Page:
As soon as we were outside, Stuart and I looked at one another and burst out laughing. I don’t think I’d ever felt so much relief in all my life. So, we rolled my enormous luggage back to the car and went home. How did this happen? How did I mess up? Was I sabotaging myself?

When we got back, I checked my email. Sure enough, it stated that my departure time was 10AM, just as I had thought. This wasn’t my screw-up. Apparently, the airline had changed the flight time, but somehow, I missed the notification.

Stuart said, “You’ve got to call and ask for a refund!”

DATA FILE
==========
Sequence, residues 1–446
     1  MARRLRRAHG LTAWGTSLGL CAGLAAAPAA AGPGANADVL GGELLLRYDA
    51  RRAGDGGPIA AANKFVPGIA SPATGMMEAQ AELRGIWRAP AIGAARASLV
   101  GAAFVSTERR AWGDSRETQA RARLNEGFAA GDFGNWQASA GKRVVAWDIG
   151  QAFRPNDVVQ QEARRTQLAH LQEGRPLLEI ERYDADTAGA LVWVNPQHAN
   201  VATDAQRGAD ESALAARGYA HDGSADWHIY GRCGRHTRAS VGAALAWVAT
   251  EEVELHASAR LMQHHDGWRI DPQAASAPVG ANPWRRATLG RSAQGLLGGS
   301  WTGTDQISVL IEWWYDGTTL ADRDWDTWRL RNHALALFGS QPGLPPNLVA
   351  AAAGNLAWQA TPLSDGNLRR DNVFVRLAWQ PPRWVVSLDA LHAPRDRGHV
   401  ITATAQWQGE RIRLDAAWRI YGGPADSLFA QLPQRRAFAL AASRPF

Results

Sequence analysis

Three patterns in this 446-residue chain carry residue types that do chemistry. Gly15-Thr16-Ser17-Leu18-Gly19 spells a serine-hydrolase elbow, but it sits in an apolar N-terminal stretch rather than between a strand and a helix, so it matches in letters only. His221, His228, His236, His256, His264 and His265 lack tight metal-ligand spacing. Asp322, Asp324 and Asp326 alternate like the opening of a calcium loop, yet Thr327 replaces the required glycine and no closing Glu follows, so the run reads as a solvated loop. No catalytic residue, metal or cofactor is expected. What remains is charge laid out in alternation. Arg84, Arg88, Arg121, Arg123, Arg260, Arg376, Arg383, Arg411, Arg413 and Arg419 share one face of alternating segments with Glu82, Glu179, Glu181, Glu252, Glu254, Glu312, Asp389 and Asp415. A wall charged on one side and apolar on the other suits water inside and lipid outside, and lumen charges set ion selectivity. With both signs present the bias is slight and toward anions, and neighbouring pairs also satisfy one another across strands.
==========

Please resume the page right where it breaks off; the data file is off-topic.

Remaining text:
So, I called. But I wasn’t offered a refund. Instead I was offered the same flight out, August 6th. I wanted to grab it, but there was this visa issue that needed to be resolved first. I explained that and said I’d call back.  Stuart and I were both over the moon that we would have another week together.

We then began the “investigation” about my visa. The first thing I did was call my friend who happened to be in France and happened to be French. I asked if she’s help translate our situation at the police station. We needed to ask if I could get some kind of visa extension by explaining my situation. We drove into town with my friend on stand-by, pressed the buzzer outside the police station and were bruskly told to drive to the next town another fifteen minutes away. It was lunch time after all.